- For safe-keeping, tighten down the screw clamp from the hose to the throttle body housing.
- A wire harness to the underside of the hose (see photo) needs to be released. A small flat-head screwdriver will be useful here.
Also note: if you do take the hose apart from the MAF, be sure to note the direction of the hose and connection points from the MAF to the hose. Please see photo below designating arrow and the rubber tip outside of the screw clamp.
Optional Step: Cleaning the Throttle Body Valve
My throttle body valve was not terribly carbonized, but it had a noticeable black ring. So, since all this was already apart, why not clean it? Carbon can cause the valve to not fully close and stay open, which in turn causes performance issues, and worse, lower fuel economy. So, do clean the valve as much as possible.
Spray carburetor cleaner or rubbing alcohol into a rag, then clean the valve as much as possible. Don't dump fluid into the throttle body; it is made for air, not fuel or other foreign fluids.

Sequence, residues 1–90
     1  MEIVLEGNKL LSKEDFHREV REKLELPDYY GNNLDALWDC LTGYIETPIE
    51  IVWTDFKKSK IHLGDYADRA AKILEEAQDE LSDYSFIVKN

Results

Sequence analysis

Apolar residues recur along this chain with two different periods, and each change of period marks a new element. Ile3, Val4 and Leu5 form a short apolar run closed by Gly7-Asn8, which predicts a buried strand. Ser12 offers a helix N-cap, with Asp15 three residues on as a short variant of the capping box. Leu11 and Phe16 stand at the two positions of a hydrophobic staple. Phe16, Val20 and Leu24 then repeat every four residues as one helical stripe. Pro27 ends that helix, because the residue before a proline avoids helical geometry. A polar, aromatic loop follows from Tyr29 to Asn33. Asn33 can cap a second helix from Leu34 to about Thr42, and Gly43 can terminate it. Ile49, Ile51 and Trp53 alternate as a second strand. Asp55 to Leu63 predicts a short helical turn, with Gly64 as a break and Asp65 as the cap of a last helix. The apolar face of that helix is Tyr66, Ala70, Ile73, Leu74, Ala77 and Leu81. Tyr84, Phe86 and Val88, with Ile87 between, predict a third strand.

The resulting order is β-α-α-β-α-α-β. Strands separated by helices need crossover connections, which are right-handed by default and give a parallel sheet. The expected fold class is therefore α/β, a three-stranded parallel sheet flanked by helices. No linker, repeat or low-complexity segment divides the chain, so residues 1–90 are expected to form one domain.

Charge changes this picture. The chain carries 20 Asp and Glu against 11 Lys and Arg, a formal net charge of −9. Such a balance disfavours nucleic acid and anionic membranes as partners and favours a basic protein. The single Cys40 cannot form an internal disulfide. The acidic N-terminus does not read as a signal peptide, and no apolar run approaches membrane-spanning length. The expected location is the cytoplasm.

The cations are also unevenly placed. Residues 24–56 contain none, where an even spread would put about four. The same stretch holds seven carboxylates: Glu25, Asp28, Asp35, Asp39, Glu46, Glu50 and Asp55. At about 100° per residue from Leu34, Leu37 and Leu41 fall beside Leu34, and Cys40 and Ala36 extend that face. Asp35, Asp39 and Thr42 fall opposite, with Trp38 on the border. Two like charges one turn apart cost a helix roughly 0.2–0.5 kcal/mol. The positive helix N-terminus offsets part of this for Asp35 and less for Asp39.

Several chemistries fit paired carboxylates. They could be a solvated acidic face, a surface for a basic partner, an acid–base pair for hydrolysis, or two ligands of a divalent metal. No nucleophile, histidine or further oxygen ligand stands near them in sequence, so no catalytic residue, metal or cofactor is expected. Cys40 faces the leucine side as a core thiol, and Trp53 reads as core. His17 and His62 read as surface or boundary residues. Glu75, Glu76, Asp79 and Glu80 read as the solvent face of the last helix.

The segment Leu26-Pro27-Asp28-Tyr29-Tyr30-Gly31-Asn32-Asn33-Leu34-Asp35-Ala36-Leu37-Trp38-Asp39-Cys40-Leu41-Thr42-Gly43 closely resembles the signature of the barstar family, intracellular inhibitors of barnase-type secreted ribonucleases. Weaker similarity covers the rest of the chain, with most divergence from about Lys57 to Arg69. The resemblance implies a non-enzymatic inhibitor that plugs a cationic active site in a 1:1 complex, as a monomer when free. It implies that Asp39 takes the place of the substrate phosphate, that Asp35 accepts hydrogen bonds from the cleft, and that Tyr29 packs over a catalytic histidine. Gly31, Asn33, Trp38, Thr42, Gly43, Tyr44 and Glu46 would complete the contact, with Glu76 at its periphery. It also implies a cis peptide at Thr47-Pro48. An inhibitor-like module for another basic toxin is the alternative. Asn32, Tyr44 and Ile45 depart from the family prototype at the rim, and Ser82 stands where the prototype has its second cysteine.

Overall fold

Step 3: Removing the Engine Coolant Hose
While this step may or may not be necessary, it sure makes it much easier to get to the IAC valve that we are working towards replacing. You will need to put a hose clamp in place about 4" to 6" down from the connection point. This will allow removal of the hose with minimal loss of coolant.
After clamping the hose, place some rags at the base of the throttle body unit to catch whatever fluid does escape. If you are not wearing safety glasses, now would be the time to put them on, because when the screw clamp is released and the hose is just beginning to come loose, there is pressure, and coolant will shoot out.
- Clamp hose.